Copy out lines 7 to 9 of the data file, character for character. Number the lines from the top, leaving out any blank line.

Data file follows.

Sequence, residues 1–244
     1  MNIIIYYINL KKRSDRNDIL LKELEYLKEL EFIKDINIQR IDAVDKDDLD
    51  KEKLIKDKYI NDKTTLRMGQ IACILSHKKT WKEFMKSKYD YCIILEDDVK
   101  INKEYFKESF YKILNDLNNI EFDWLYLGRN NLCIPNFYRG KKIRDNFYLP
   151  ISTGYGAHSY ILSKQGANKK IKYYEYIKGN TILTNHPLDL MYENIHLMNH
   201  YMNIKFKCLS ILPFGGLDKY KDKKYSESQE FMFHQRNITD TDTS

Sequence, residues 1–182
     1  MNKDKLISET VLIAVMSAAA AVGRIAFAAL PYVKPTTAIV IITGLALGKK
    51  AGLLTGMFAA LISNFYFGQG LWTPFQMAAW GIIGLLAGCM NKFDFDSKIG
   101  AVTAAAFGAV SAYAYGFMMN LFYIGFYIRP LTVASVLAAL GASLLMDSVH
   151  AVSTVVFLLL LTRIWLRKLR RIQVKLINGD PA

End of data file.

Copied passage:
Sequence, residues 1–182
     1  MNKDKLISET VLIAVMSAAA AVGRIAFAAL PYVKPTTAIV IITGLALGKK
    51  AGLLTGMFAA LISNFYFGQG LWTPFQMAAW GIIGLLAGCM NKFDFDSKIG